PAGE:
Third, it will come into ownership of the remaining anatomic pathology assets owned by AmeriPath. The largest component of this business division is the hospital-based pathology group practices that AmeriPath acquired over the past 10 years. There are also several pathology subspecialty centers in areas such as gastroenterology, oncology, women’s health, and urology.

For Quest Diagnostics, the timing of this acquisition allows it to shift the attention of Wall Street away from the UnitedHealth contract. The AmeriPath acquisition also allows it to gain lab testing revenues that will more than offset expected losses from the UnitedHealth contract. AmeriPath’s revenues will keep Quest Diagnostics on a growth track for 2007.

But with every laboratory acquisition comes with its own set of unique challenges. It has long been known that AmeriPath has struggled to find the right key to unlock financial success from its multiple business models. In buying AmeriPath, Quest Diagnostics will need to move carefully to integrate AmeriPath’s laboratory testing assets into its existing national laboratory network to maximize the benefits from this acquisition. These issues will be explored in the upcoming issue of The Dark Report.

Finally, one particularly happy party to AmeriPath’s sale is Welsh, Carson, Anderson and Stowe, AmeriPath’s majority shareholder. In March 2003, it paid approximately $840 million to buy the public stock of AmeriPath and take the company private. Then, in January 2006, AmeriPath paid an estimated total of $314.7 million to buy all the public shares of Specialty Laboratories. The impending sale to Quest Diagnostics comes only four years after Welsh Carson acquired AmeriPath and allows the private equity company to cash out its investment.

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Taking Back Pathology Business from Urologists and GIs: Pathologists Sodeman, Wright, and Petras Take Action

Growing numbers of urology and gastroenterology (GI) physician groups are taking deliberate steps to capture the revenues from anatomic pathology (AP) services generated by their patient referrals, The trend is already recognized to be one of the most destructive forces now confronting the pathology profession.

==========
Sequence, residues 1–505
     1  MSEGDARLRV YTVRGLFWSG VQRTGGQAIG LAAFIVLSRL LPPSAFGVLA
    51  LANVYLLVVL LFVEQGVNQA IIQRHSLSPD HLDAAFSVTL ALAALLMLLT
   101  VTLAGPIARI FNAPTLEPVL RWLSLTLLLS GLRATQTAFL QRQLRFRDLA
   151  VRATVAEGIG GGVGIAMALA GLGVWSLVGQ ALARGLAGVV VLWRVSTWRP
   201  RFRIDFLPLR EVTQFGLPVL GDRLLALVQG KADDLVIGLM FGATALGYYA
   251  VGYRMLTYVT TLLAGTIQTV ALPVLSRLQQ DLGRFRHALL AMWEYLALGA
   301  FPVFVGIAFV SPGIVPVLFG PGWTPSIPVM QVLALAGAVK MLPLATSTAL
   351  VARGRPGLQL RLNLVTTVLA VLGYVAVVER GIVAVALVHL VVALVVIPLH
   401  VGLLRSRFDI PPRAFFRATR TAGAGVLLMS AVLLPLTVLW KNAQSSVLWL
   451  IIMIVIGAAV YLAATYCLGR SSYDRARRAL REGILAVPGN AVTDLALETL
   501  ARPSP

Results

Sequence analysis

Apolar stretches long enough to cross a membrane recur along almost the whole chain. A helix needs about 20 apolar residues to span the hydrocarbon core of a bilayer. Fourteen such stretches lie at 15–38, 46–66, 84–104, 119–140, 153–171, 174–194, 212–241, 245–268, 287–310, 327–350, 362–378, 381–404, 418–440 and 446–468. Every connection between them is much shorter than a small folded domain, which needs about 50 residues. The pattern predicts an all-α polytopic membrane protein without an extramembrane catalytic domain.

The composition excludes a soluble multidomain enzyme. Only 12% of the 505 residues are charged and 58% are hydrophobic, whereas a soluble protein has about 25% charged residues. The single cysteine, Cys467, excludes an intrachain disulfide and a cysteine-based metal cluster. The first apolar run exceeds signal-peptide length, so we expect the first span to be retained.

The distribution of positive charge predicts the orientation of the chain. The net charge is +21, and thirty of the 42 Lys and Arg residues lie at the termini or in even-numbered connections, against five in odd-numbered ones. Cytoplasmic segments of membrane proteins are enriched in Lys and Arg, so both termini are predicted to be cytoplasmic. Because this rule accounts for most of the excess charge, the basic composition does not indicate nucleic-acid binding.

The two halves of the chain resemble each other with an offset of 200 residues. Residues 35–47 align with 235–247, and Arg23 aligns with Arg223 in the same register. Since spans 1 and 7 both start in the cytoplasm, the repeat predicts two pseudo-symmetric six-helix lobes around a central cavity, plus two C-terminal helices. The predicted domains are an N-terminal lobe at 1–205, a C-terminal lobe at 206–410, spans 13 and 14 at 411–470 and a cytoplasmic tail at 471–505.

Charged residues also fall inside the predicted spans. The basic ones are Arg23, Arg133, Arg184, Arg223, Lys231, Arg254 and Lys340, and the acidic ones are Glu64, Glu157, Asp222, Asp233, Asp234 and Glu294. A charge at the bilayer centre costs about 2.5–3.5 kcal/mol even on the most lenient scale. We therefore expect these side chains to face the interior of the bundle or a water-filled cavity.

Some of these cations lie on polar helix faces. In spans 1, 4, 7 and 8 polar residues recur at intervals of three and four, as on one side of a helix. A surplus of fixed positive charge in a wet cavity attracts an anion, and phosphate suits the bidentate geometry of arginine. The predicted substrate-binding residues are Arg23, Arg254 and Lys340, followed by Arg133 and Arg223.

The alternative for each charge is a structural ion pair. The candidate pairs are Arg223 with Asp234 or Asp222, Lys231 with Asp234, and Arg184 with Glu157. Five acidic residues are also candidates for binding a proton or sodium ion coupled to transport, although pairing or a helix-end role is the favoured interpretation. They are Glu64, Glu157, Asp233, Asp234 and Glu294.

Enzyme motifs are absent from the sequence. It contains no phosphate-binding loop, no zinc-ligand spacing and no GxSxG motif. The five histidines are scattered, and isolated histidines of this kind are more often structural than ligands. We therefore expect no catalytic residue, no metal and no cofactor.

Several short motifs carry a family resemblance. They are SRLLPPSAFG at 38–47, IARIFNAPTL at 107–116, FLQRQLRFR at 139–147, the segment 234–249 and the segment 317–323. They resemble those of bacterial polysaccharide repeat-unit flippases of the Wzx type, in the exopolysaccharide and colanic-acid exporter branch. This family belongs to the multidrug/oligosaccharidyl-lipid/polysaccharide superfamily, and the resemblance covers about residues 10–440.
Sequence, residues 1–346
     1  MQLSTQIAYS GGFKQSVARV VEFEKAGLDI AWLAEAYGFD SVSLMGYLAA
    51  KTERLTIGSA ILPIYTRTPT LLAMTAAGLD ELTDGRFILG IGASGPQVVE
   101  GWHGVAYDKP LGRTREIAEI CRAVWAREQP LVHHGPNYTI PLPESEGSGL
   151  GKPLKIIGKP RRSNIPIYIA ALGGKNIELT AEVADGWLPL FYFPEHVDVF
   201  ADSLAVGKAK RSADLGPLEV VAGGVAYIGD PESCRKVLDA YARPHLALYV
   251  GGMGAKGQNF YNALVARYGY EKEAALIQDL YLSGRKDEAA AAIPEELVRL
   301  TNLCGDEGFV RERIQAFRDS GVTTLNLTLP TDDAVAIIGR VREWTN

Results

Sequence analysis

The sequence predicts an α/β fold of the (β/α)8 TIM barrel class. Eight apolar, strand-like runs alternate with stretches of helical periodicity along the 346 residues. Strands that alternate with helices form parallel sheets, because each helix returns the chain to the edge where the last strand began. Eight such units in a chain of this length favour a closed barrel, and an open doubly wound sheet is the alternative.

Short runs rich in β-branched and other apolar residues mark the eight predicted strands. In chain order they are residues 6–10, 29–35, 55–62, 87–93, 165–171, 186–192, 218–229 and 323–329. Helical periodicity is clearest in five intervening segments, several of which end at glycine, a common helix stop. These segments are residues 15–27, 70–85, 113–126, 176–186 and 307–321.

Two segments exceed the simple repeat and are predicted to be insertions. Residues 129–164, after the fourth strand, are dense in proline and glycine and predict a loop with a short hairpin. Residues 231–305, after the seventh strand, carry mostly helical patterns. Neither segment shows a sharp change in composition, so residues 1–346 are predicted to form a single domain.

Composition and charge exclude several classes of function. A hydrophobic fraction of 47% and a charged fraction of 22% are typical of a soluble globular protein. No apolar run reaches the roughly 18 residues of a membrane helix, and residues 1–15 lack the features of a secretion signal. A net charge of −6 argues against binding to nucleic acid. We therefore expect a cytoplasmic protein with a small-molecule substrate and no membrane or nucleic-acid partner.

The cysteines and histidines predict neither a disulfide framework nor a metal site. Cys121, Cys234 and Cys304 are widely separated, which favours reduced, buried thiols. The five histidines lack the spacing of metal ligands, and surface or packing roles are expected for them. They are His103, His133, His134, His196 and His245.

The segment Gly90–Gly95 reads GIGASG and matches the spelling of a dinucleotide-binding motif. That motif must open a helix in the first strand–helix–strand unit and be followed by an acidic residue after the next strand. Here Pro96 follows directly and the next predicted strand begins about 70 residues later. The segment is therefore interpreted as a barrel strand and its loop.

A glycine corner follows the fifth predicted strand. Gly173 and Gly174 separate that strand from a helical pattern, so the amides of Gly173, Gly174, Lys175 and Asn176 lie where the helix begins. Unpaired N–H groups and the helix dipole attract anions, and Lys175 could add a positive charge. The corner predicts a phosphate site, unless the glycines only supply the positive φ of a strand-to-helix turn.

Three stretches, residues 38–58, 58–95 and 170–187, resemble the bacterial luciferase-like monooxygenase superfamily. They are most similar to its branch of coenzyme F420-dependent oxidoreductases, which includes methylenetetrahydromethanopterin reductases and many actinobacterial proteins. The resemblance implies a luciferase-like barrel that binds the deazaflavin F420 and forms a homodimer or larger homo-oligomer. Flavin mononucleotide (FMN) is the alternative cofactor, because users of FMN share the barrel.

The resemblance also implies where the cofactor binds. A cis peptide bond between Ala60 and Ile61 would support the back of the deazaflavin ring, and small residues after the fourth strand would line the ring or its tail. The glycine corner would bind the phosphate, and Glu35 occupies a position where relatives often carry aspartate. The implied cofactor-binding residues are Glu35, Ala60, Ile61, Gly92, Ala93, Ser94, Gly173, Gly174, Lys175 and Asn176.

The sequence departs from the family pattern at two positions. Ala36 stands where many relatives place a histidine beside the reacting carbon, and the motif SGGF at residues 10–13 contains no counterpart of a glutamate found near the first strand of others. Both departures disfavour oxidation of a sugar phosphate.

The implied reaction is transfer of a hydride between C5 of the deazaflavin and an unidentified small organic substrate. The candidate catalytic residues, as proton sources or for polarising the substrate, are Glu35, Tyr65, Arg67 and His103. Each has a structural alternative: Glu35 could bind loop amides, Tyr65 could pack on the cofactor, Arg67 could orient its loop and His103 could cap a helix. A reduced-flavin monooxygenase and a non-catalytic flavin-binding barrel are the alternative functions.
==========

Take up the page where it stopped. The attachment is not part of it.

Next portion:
So it should be no surprise that some of pathology’s more notable leaders are raising the alarm. Just in the past seven days, an array of lab industry heavyweights stepped up to speak to the pathology profession. The goal was to define the problem, create awareness, and stimulate action.

Last week at Amelia Island, Florida, current College of American Pathologists (CAP) President Thomas M. Sodeman, M.D. joined with Louis D. Wright, Jr., M.D., Chairman of Pathology Service Associates (PSA) to speak to this threat at the 2006 PSA Strategic Business Retreat. To add force and emphasis, also participating in the program was Dennis Weissman, President of Dennis Weissman &Associates, LLC and Robert L. Michel, Editor-in-Chief of The Dark Report. Their perspectives provided optimism that pathologists could act effectively to counter the interest of specialist groups in creating their own in-house AP services.

Adding his own voice to this issue last weekend was Robert E. Petras, M.D., National Director for Gastrointestinal Pathology at AmeriPath, Inc. of Oakwood Village, Ohio. Dr. Petras hosted an entire morning on this topic at the ASCP (American Society of Clinical Pathology) Annual Meeting in Las Vegas, Nevada. His panel reflects the recognition that this trend needs high visibility and immediate action. Speakers included Jane Pine Wood, Attorney for McDonald Hopkins, based in Cleveland, Ohio, Robert L. Michel of The Dark Report; James M. Crawford, MD, Ph.D, Professor and Chair, Department of Pathology at the University of Florida in Gainesville; and Jeff Jacobs, who works in the Washington, DC office of the ASCP.

Laboratory directors, pathologists, and practice administrators should take note of these developments. Capture of anatomic pathology specimens and revenues by specialist physicians like urologists and GIs is gaining recognition as one of the most serious threats to the economic viability of the pathology profession. The willingness of these prominent individuals to step forward and detail the nature of this trend shows that a competitive market battle is about to unfold. The laboratory industry is building energy to confront specialist physicians and restore the primacy of pathologists as the best, most appropriate provider of diagnostic services.

You can contribute to the success of this effort. If your pathology group or laboratory has succeeded in developing a win-win outcome with a urology or GI group that wanted to get into the anatomic pathology business, we would like to hear about it. We are collecting success stories and preparing a briefing on effective techniques pathologists can use to respond to the interest of their local specialists in launching an in-practice AP service. E-mail Robert at